It’s after Labor Day, and two more Democratic candidates for governor are formally joining the race this week: Baltimore County Executive Kevin Kamenetz gets in Monday, with a rally in front of the county courthouse in Towson, and former Obama administration official Krishanti Vignarajah enters Tuesday, with an appearance at her childhood home in Baltimore.
So it seems like a good time to size up the seven-candidate Democratic field.
What’s noteworthy about this race is how there isn’t a true frontrunner. Most election cycles, one Democrat seems way ahead – or has been pre-selected by party leaders, or both.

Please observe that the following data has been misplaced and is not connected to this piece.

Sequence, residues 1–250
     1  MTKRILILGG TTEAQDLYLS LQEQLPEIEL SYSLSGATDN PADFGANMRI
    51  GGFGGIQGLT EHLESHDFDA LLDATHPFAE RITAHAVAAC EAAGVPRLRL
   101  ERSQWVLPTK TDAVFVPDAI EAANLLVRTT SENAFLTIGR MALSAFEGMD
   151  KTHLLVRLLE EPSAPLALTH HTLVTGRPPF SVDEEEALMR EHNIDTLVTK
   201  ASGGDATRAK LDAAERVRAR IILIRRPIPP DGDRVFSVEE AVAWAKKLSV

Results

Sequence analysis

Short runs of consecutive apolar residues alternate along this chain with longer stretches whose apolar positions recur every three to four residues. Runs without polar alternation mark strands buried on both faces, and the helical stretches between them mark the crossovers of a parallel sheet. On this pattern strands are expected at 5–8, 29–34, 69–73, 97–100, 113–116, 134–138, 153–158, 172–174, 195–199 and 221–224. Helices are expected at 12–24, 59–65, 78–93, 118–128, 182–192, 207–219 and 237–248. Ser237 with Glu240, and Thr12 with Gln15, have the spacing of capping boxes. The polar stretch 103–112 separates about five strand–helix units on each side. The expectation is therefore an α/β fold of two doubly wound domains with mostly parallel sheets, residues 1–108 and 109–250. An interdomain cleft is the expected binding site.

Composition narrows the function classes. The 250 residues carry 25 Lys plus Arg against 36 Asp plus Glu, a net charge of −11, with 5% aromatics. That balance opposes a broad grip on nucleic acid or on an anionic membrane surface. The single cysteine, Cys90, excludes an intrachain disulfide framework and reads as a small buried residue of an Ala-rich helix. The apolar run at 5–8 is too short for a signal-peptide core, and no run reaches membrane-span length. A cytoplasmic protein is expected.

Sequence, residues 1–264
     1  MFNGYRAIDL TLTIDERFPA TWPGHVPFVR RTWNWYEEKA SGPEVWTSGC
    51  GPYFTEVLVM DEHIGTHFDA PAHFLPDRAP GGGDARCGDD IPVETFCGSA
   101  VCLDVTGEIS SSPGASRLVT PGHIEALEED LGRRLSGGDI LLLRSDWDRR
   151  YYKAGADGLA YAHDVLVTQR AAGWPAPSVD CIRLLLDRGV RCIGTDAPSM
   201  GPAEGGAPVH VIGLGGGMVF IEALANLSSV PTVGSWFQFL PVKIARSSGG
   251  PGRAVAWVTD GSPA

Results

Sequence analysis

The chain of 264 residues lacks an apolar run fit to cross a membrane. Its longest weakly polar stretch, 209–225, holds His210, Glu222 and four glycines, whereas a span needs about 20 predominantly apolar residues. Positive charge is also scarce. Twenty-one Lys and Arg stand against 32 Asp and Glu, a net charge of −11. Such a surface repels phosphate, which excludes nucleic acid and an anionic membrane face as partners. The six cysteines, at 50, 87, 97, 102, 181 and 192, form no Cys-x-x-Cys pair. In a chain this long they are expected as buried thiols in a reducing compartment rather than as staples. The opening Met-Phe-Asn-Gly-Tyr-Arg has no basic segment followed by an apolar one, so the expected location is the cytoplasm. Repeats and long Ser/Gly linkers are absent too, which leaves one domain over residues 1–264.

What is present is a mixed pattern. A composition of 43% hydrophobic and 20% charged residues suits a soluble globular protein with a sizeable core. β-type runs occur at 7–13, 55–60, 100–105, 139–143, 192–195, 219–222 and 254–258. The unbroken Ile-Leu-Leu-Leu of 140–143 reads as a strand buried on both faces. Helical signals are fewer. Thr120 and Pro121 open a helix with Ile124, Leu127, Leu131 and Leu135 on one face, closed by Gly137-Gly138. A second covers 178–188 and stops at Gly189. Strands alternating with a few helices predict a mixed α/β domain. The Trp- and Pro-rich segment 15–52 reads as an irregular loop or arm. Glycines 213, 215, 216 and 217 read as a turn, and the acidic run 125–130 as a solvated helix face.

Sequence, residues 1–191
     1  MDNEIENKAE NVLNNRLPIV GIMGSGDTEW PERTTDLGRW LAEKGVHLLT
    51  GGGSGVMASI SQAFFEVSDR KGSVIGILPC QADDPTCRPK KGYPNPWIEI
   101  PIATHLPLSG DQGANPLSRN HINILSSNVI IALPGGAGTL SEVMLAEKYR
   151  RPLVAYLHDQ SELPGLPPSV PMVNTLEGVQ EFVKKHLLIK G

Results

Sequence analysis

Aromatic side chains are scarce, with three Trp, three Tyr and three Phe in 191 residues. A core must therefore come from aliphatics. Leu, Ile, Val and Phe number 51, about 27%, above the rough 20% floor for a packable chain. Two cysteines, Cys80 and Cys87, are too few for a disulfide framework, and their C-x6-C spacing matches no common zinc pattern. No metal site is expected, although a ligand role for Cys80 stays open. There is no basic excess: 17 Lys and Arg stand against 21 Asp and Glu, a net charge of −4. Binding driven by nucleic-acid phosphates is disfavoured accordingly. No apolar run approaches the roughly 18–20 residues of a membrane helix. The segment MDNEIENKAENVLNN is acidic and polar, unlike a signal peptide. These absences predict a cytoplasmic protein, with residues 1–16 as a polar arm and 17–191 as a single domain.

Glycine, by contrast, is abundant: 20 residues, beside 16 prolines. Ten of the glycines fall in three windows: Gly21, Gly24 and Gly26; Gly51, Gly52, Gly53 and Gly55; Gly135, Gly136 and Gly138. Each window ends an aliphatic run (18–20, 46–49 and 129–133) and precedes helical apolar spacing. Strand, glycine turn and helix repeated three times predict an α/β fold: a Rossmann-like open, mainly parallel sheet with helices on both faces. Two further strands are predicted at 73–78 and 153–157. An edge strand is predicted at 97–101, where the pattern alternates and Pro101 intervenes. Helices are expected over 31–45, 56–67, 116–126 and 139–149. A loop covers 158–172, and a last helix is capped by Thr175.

By the normal metrics of Maryland politics, Kamenetz and Prince George’s County Executive Rushern Baker should be the favorites for the Democratic nomination. They’re veteran officeholders in large, important jurisdictions, with solid records, good stories to tell, and a lifetime of relationships with party elders.
But let’s face it: They aren’t all that well known – even to party activists, let alone to average voters. When it comes to laying the groundwork for a statewide campaign, each has traveled the state some – but far less, it seems, than most successful gubernatorial contenders have at similar stages of past elections. Each county executive has flaws and skeptics – and critics at home.